Offspring of hypertensive pregnancies are more likely to have microvascular rarefaction and increased blood pressure in later life. We tested the hypothesis that maternal angiogenic profile during a hypertensive pregnancy is associated with fetal vasculogenic capacity and abnormal postnatal microvascular remodeling. Infants (n=255) born after either hypertensive or normotensive pregnancies were recruited for quantification of postnatal dermal microvascular structure at birth and 3 months of age. Vasculogenic cell potential was assessed in umbilical vein endothelial cells from 55 offspring based on in vitro microvessel tube formation and proliferation assays. Maternal angiogenic profile (soluble fms-like tyrosine kinase-1, soluble endoglin, vascular endothelial growth factor, and placental growth factor) was measured from postpartum plasma samples to characterize severity of pregnancy disorder. At birth, offspring born after hypertensive pregnancy had similar microvessel density to those born after a normotensive pregnancy, but during the first 3 postnatal months, they had an almost 2-fold greater reduction in total vessel density (−17.7±16.4% versus −9.9±18.7%; P=0.002). This postnatal loss varied according to the vasculogenic capacity of the endothelial cells of the infant at birth (r=0.49; P=0.02). The degree of reduction in both in vitro and postnatal in vivo vascular development was proportional to levels of antiangiogenic factors in the maternal circulation. In conclusion, our data indicate that offspring born to hypertensive pregnancies have reduced vasculogenic capacity at birth that predicts microvessel density loss over the first 3 postnatal months. Degree of postnatal microvessel reduction is proportional to levels of antiangiogenic factors in the maternal circulation at birth.Hypertension is published on behalf of the American Heart Association, Inc., by Wolters Kluwer. This is an open access article under the terms of the Creative Commons Attribution License, which permits use, distribution, and reproduction in any medium, provided that the original work is properly cited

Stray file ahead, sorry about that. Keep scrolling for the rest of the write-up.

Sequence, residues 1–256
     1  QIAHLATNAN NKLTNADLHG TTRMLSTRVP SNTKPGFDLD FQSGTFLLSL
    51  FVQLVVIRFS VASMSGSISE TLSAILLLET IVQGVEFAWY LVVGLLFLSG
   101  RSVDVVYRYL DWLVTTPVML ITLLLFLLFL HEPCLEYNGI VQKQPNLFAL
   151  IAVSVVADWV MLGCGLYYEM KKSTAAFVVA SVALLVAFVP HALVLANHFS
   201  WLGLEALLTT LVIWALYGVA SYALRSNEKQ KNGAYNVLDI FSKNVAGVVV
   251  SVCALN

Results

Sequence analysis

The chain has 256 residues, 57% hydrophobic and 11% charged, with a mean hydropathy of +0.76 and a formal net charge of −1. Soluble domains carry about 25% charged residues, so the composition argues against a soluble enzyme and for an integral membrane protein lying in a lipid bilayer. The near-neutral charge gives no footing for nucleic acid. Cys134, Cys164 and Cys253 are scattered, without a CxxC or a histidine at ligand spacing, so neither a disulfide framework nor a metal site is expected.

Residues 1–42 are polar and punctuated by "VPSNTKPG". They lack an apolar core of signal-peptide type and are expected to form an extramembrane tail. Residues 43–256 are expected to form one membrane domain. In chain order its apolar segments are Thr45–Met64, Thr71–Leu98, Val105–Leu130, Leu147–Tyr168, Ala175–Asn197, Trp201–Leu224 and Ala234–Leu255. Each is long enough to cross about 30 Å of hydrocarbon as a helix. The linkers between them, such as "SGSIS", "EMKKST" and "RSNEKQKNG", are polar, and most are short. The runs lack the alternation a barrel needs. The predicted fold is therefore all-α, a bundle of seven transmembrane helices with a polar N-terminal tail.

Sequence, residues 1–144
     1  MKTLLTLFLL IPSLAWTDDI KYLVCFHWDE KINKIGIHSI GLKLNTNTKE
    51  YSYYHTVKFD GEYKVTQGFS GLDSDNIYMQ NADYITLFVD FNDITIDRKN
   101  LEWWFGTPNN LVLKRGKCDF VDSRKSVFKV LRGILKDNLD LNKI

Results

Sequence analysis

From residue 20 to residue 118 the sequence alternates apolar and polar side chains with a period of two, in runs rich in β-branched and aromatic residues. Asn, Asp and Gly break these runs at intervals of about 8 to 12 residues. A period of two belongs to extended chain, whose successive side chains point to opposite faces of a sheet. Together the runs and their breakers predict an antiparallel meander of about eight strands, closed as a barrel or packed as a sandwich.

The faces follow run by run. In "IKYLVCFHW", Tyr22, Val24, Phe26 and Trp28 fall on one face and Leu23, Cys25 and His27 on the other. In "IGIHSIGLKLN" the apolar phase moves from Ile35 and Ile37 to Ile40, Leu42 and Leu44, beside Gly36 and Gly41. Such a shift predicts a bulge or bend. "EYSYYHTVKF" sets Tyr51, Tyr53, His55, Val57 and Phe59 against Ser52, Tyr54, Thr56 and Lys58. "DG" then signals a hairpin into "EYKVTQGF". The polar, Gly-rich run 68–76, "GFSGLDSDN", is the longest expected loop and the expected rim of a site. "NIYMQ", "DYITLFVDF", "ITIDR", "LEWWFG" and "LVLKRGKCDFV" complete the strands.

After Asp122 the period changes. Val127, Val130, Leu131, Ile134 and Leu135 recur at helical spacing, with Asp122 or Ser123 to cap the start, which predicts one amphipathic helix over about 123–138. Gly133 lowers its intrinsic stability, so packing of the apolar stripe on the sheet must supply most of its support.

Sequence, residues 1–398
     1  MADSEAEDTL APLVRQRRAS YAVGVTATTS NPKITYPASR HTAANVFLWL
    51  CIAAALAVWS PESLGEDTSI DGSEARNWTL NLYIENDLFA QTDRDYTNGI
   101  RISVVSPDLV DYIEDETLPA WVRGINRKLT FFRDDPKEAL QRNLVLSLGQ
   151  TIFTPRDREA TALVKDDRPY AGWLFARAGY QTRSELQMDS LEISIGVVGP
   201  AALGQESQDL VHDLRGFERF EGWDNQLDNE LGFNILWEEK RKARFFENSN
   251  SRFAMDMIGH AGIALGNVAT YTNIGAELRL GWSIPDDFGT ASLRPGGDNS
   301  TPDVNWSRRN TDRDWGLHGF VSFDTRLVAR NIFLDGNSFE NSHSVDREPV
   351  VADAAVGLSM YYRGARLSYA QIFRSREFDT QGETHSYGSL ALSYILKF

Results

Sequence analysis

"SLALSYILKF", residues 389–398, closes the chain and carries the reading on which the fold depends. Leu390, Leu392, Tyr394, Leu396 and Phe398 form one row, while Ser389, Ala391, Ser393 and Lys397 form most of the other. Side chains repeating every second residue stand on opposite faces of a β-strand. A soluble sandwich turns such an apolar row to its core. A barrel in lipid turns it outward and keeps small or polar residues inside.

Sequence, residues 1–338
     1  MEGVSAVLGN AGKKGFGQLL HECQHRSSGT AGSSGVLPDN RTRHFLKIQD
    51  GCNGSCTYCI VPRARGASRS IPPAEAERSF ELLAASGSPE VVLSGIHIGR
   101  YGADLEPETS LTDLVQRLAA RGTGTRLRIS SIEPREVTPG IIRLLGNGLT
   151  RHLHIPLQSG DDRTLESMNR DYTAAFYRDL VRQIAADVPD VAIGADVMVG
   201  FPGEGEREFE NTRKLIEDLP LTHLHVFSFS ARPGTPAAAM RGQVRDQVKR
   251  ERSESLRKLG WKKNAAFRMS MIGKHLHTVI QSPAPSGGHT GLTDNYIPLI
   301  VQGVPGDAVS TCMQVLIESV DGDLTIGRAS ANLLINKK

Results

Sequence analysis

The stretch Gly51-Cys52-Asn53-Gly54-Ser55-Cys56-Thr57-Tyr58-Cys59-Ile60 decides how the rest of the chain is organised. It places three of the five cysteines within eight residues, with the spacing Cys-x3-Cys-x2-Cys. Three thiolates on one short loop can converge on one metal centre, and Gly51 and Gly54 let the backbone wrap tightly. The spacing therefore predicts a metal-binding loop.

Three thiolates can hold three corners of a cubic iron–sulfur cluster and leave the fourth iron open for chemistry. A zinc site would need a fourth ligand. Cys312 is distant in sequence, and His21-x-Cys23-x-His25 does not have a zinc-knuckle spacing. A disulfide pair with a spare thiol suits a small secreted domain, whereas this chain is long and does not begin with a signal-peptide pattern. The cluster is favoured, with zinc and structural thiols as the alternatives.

A Neuroeconomic Theory of Attention- and Task-Switching with Implications for Autism and ADHD

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    Prospective observational cohort study on grading the severity of postoperative complications in global surgery research

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    Background The Clavien–Dindo classification is perhaps the most widely used approach for reporting postoperative complications in clinical trials. This system classifies complication severity by the treatment provided. However, it is unclear whether the Clavien–Dindo system can be used internationally in studies across differing healthcare systems in high- (HICs) and low- and middle-income countries (LMICs). Methods This was a secondary analysis of the International Surgical Outcomes Study (ISOS), a prospective observational cohort study of elective surgery in adults. Data collection occurred over a 7-day period. Severity of complications was graded using Clavien–Dindo and the simpler ISOS grading (mild, moderate or severe, based on guided investigator judgement). Severity grading was compared using the intraclass correlation coefficient (ICC). Data are presented as frequencies and ICC values (with 95 per cent c.i.). The analysis was stratified by income status of the country, comparing HICs with LMICs. Results A total of 44 814 patients were recruited from 474 hospitals in 27 countries (19 HICs and 8 LMICs). Some 7508 patients (16·8 per cent) experienced at least one postoperative complication, equivalent to 11 664 complications in total. Using the ISOS classification, 5504 of 11 664 complications (47·2 per cent) were graded as mild, 4244 (36·4 per cent) as moderate and 1916 (16·4 per cent) as severe. Using Clavien–Dindo, 6781 of 11 664 complications (58·1 per cent) were graded as I or II, 1740 (14·9 per cent) as III, 2408 (20·6 per cent) as IV and 735 (6·3 per cent) as V. Agreement between classification systems was poor overall (ICC 0·41, 95 per cent c.i. 0·20 to 0·55), and in LMICs (ICC 0·23, 0·05 to 0·38) and HICs (ICC 0·46, 0·25 to 0·59). Conclusion Caution is recommended when using a treatment approach to grade complications in global surgery studies, as this may introduce bias unintentionally

    The surgical safety checklist and patient outcomes after surgery: a prospective observational cohort study, systematic review and meta-analysis